Posts about alwayson


Andy Plesser of Beet TV made the mistake of handing me a microphone at Always On, but I had the pleasure of interviewing Mark Whitaker, former editor of Newsweek and new the overseer of the future at Washington Post Newsweek Interactive, and my friend David Weinberger, author of the soon-to-be-released Everything is Miscellaneous. Whitaker, part I:

Whitaker, part II:



Andy Plesser of Beet.TV was all around Always On this week and he got various of us to do his interviews for him. So how can I not link? Here’s my chat with David Weinberger about his soon-to-be-released book, Everything’s Miscellaneous. Here’s Andy with me. And soon there’s be one more chat with Mark Whitaker, former editor of Newsweek and now head of future development for Washington Post Newsweek. I admitted to Andy that I didn’t get his vision when he started pestering people at conferences for interviews. But I now think it’s a most clever way to hear what people at these events have to say and he often makes news on his small TV. I’m a believer.

Steve Forbes’ Iraqi solution

At Always On, Steve Forbes is on the platform with Roger McNamee and he’s asked what he’d do in Iraq if he were president. One of his recommendations is they should install the Alaskan system of paying all citizens a cut of oil revenue and then everyone would have an address and would look dimly at those who are trying to disrupt oil production.

Pray per post

Last night, I moderated a panel on buzz and marketing at the Always On conference in New York and I started it off by slamming Pay Per Post, the infamous service that pays bloggers to write positive posts about products, and a presentation by the company’s president, Ted Murphy.

Murphy showed a video a mom created for Pay Per Post, showing her little kids smashing a camera with a hammer because it wasn’t an HP. I was appalled (so was David Weinberger). So they have created something that entices mothers to exploit their own children as cheap shills. For shame.

The discussion went on with the panelists — including an advertising and a PR exec — agreeing that you can’t buy buzz.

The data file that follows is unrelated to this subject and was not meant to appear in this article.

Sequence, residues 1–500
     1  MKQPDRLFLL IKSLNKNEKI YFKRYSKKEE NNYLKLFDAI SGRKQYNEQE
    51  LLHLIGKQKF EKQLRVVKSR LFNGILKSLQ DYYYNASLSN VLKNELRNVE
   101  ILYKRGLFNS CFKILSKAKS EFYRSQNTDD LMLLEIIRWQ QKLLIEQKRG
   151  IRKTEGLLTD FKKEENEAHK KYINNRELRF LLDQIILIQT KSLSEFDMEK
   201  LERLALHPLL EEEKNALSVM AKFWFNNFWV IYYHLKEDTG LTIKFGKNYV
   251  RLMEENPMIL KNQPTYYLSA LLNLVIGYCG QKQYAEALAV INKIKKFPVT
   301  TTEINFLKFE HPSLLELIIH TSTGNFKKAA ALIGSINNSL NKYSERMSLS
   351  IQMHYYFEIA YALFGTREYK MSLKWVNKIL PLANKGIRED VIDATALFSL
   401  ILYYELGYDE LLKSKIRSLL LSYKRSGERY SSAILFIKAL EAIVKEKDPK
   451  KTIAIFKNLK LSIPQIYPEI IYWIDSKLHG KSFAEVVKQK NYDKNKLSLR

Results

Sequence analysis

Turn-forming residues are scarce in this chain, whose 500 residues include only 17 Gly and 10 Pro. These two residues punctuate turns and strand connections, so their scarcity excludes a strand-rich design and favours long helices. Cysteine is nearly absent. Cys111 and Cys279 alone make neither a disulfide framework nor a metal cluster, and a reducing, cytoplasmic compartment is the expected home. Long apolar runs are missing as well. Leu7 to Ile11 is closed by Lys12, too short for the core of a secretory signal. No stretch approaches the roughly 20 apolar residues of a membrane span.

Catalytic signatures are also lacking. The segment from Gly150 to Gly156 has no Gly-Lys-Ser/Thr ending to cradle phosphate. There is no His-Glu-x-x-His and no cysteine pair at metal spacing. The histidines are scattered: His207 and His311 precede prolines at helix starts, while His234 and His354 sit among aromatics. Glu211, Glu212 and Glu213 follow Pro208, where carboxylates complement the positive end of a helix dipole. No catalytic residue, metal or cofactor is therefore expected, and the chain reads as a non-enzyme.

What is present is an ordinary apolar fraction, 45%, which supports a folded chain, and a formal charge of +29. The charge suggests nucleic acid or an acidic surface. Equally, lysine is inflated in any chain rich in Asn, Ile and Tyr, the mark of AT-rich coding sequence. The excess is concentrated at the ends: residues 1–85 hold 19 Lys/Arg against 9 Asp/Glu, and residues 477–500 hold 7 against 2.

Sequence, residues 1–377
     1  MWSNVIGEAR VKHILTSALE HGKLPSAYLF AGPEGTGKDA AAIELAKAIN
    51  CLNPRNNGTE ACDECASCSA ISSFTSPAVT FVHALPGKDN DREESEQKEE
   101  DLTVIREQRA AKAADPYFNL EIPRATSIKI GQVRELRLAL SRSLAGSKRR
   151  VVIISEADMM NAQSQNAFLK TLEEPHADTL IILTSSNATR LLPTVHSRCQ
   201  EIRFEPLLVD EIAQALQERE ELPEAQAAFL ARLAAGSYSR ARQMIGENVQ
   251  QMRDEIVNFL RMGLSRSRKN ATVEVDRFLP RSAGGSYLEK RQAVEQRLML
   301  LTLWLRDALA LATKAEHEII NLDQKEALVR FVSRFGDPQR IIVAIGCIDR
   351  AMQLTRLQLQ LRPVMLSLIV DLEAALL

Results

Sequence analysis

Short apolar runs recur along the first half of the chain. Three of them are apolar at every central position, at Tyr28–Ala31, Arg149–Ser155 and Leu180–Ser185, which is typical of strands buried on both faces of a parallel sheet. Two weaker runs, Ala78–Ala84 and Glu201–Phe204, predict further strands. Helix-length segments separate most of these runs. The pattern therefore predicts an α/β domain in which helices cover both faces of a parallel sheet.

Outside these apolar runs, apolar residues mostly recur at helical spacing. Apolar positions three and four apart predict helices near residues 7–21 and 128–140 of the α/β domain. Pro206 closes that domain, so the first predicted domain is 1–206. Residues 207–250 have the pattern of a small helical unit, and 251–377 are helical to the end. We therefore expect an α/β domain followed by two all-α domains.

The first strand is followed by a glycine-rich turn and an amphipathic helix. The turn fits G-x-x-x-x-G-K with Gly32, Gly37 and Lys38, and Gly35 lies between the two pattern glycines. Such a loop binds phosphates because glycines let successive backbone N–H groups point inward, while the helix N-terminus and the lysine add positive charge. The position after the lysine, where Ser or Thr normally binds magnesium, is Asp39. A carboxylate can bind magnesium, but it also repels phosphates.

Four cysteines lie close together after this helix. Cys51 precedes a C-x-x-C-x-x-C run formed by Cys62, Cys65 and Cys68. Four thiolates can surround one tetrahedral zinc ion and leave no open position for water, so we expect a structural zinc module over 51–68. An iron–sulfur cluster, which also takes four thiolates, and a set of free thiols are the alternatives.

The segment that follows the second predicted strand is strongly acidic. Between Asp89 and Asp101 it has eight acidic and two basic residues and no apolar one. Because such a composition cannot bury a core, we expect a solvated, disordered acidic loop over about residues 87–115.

At the end, who should stick up his hand but Murphy. He said that Pay Per Post is transparent about its posts being bought; I said that this was damned recent and only after much pressure. He also said that he saw no difference in Amanda Congdon making commercials on her old or new vlog and a Pay Per Post person making a commercial on her blog. Fair point. But one of the panelists said that Rocketboom is clearly a show and a commercial makes sense in that context; the relationship is clearer. David Weinberger said that marketers and the public have been at war for a century and the internet and blogs were to be his refuge from that: a place to have conversations with friends. I asked whether Weinberger, who takes no ads, hates me for doing so. He said, no, because the relationship is, again, clear: It’s about someone buying space on my page, not about buying my endorsement. He called Pay Per Post “corrosive” to the conversation. Pressed again on the demarcation, I brought up the rules I was taught as a journalist (emphasizing strongly that I was not trying to call all blog talk journalism or to hold it all to the same structure and rules): Simply put, the rule is that no one can buy my voice and with it my credibility.

The conference was a bit disorganized and our panel, the last of the day, got on late after confusion on the schedule about the session. They tried to cut us off on time but the room and I revolted and we kept going; the discussion was rousing and fun.

After it was all over, I saw a camera guy — with good HDTV rig and steadicam, even — who had been shooting the session. I thought he was Always On’s guy. But at the elevator bank, the camera was still following Murphy. ‘What, you have a reality show?’ I joked. No joke. They do. They call it Rock Startup and try to make themselves into rock stars (Murphy is “The Murphman“) and even say they’re trying to sell it to a network — though, of course, it’s really just a commercial. Here’s an episode about their brashly painted, branded monster truck and how they’re going to promote by taking a couple of “smokin’ ” promo “girls” to bars. The hubris of this organization is astounding.

I asked Murphy whether he had seen Startup, the movie about the hubristic and failed startup GovWorks. No, he’d never heard of it. I suggested that he get the DVD. When I met with GovWorks in the bubble, I refused to allow them to tape it. Well, now perhaps I’ll end up in the sequel.

Always conferencing

Nick Denton accused me of being a panel whore for doing this. Guilty. But I look good in black, don’t I? I get back from the World Economic Forum in Davos late last night and this morning, where am I? At Tony Perkins’ Always On conference in New York. Perkins is webcasting the whole thing, good on him.